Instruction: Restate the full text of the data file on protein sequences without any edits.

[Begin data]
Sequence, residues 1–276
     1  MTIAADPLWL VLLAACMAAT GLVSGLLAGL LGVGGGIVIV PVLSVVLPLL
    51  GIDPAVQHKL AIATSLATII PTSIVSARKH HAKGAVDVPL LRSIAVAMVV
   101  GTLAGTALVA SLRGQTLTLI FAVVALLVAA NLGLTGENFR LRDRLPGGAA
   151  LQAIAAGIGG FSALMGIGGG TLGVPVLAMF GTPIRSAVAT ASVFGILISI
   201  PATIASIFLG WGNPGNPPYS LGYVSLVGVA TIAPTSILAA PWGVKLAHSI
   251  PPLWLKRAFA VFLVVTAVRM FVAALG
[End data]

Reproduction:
Sequence, residues 1–276
     1  MTIAADPLWL VLLAACMAAT GLVSGLLAGL LGVGGGIVIV PVLSVVLPLL
    51  GIDPAVQHKL AIATSLATII PTSIVSARKH HAKGAVDVPL LRSIAVAMVV
   101  GTLAGTALVA SLRGQTLTLI FAVVALLVAA NLGLTGENFR LRDRLPGGAA
   151  LQAIAAGIGG FSALMGIGGG TLGVPVLAMF GTPIRSAVAT ASVFGILISI
   201  PATIASIFLG WGNPGNPPYS LGYVSLVGVA TIAPTSILAA PWGVKLAHSI
   251  PPLWLKRAFA VFLVVTAVRM FVAALG